bones in bird wings are more similar to reptile forearms than mammals helps scientists group animals according to how recently they shared a common ancestor vestigal organs: organs or structures that are no longer in use 4 similarities in embryology embryos look similar during stages of development common cells common tissues common order of development species produce more offspring than can survive Chapter 16:
Evolution and Populations Darwin could not explain:
1. the source of variation within species
2. how traits are passed between generations Mendel's "Principles of Inheritance"
published in 1860's but not common recognized until after Darwin's death filled in the blanks! Together genetics, evolutionary theory and molecular biology explain HOW evolution occurs A population is a group of individuals of the same species
they interbreed and and share a common group of genes - GENE POOL gene pools contain at least 2 alleles for each trait the number of times an allele is present in a gene pool compared the other allele is called ~ relative frequency expressed in percents 40% B for brown fur
60% b for black fur sources of genetic variation: 1. mutation
2. meiosis mutations can affect physical, chemical or behavioral attributes
can affect fitness, even if not visually apparent
can be neutral, most often Meiosis independent assortment
sexual reproduction only shuffles the genes into new combination, it does not change the frequency of an allele single-gene traits: traits controlled by one gene with at least 2 alleles. Can have as few and two different phenotypes polygenic traits: controlled by more than one gene, each with at least 2 alleles. Many possible combos and phenotypes Natural selection and single gene traits selective pressures can cause an allele to change frequencies if an allele increases fitness decreases fitness has no effect on fitness frequency frequency frequency does not change increases decreased genetic drift chance events cause allele frequencies to change natural disaster
disease founder effect a small group splits off from a larger population allele frequencies might be different between the groups CHANCE CHANCE genetic equilibrium allele frequencies remain unchanged= no evolution in order for evolution to occur, one or more factors must cause frequencies to change: chance events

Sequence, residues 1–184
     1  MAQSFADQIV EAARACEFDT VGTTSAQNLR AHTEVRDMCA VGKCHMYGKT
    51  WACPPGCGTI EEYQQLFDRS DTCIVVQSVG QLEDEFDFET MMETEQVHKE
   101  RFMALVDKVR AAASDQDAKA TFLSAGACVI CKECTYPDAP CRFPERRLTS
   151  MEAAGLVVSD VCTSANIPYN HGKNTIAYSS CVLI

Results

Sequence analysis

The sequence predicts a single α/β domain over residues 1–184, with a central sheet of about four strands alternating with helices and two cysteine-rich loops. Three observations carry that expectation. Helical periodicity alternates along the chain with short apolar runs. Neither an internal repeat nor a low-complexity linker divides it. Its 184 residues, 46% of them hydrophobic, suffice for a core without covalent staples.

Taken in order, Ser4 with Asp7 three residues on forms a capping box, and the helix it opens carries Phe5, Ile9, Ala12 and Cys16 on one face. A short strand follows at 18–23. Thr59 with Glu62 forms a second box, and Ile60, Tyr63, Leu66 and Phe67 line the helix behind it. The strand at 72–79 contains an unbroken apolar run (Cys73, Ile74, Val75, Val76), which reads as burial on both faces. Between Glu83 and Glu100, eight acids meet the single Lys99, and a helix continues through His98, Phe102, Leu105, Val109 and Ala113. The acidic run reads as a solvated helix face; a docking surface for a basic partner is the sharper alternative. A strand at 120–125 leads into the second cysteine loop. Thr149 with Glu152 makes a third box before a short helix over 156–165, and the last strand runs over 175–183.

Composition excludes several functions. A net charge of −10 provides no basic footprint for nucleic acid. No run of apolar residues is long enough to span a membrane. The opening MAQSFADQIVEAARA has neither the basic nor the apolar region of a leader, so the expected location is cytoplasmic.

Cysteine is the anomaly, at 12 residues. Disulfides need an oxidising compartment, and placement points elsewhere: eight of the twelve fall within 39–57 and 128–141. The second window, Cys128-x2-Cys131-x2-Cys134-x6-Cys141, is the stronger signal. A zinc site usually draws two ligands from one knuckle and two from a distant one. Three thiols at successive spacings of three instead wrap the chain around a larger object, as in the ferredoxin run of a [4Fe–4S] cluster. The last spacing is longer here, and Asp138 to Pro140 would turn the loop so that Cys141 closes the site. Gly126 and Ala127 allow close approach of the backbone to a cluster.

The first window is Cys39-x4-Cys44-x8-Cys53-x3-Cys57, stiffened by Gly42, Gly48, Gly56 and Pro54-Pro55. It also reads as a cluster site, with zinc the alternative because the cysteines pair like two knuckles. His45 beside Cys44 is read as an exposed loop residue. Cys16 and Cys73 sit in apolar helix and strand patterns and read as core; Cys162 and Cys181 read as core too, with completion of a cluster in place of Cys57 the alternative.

changes in environment 5 conditions are required to maintain genetic equilibrium from generation to generation: 1. random mating
2. large pop size
3. no immigration/ emigration
4. no mutations
5. no natural selection equal opportunity to mate and pass on genes chance events wont effect large pops keep gene pools separate and isolated, no new or lost alleles can introduce new alleles equal chance of survival, no selective advantages Speciation if chance events and natural selection can lead to changes in allele frequencies, WHAT leads to the formation of NEW SPECIES???? populations that become reproductively isolated become a new species: Behavioral isolation differences in courtship or other behavior patterns Geographic isolation separated by geographic barriers such as rivers or mountains
if the two populations can interbreed when reintroduced, they are still the same species Temporal Isolation populations reproduce at different times Let's look at Darwin's Galapagos Finches Speciation of the Galapagos Finches occurred by founding a new pop; Geographical isolation; changes in the gene pool; reproductive isolation; and competition for resources Founders arrive 1st a few finches from South America find their way to the islands - population A Separation of Populations 2nd finches on different islands dont mix - they do not like to fly over open water. 3rd Changes in gene pool populations on each island become adapted to their ecological conditions - specifically food sources and climate
Natural selection causes different alleles for traits to be selected for - changes allele frequency 4th reproductive isolation populations A and B if birds were reunited - would not be attracted to each other:
beaks are different, different mating rituals even if they live in the same place again, their gene pools are still isolated, they wont mix 5th competition continued competition may create more species if species A and B end up on same island again, different conditions may lead to species B evolving into species C see page 410 DARWIN: Australia, New Zealand and Hawaii Isn't evolution just a theory?
Saying that evolution
is “just a theory”…
…is an attempt to convince the audience that evolution is only a guess that's open to debate. This is definitely not the case. The word “theory” means something special to scientists.
In everyday usage, “theory” often refers to a hunch or a speculation. When people say, “I have a theory about why that happened,” they are often drawing a conclusion based on partial or inconclusive evidence. Scientists have hunches, too, but they call them hypotheses, which are the starting point of all good science.